To even suggest that wind power is an answer to the “energy crisis” is, at best, a bit misleading and some would say simply wrong. Let’s start with basics: electricity cannot be stored economically on an industrial level, it needs to be generated at the rate and at the time that it is needed.
This matters because wind does not always blow strongly (or even at all). Consequently, all industrial wind developments (such as those owned by Ecotricity) need to be shadowed by an equivalent quantity of conventional plant – predominantly fired by gas, coal or nuclear.
Regardless of the number of wind turbines built, the need for the conventional plant is undiminished.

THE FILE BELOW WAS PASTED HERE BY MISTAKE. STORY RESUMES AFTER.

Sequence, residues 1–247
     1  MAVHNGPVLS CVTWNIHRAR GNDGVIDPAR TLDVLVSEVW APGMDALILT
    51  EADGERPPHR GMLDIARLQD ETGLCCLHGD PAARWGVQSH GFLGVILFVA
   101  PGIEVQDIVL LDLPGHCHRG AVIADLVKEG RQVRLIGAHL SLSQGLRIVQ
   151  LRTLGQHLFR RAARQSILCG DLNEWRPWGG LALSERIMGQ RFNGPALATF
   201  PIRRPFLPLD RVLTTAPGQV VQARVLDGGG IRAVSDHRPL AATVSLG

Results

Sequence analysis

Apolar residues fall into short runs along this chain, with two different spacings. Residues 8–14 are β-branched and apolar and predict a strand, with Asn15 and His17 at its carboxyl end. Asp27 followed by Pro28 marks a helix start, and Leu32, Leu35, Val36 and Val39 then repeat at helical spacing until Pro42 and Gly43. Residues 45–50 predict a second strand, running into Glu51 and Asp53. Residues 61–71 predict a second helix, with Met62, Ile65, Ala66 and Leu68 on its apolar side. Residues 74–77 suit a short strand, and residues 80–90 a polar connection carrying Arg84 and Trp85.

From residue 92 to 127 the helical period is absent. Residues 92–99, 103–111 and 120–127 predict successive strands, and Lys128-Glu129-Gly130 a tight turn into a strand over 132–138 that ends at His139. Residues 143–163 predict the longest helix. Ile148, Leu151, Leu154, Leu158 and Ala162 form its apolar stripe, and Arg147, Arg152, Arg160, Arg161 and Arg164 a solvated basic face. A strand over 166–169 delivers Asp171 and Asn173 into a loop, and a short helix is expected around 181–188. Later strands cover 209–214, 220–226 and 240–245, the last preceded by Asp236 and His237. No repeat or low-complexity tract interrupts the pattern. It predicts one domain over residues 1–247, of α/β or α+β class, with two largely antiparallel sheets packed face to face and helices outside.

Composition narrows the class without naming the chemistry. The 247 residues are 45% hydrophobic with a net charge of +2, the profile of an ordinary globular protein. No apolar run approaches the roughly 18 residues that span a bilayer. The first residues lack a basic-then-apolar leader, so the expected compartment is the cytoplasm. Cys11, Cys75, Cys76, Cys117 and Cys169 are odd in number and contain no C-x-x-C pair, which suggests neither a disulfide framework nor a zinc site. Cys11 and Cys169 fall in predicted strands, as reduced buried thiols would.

Indeed, not a single conventional plant worldwide has closed down because of the development of wind power and, in some countries extra coal plant is being built to deal with the fluctuating output. Secondly, if there are any emission savings made from the use of industrial wind, these are incredibly expensive.
The Renewables Obligation (and the climate change levy), subsidies paid from all consumer bills to companies such as Ecotricity, make up more than 60 per cent of the developer’s annual income. These subsidies are costing the UK about £1 billion a year. Ofgem, the regulator, says they should be abolished, and no wonder.
For each unit of carbon saved by wind turbines under the Renewables Obligation the consumer pays £480, unbelievably high. When it comes to reducing CO2, industrial wind also has a huge opportunity cost. Money paid to Ecotricity boss Mr Dale Vince won’t be spent on other, more effective, ways of tackling climate change.
J C Langham Address supplied
17 May 2008
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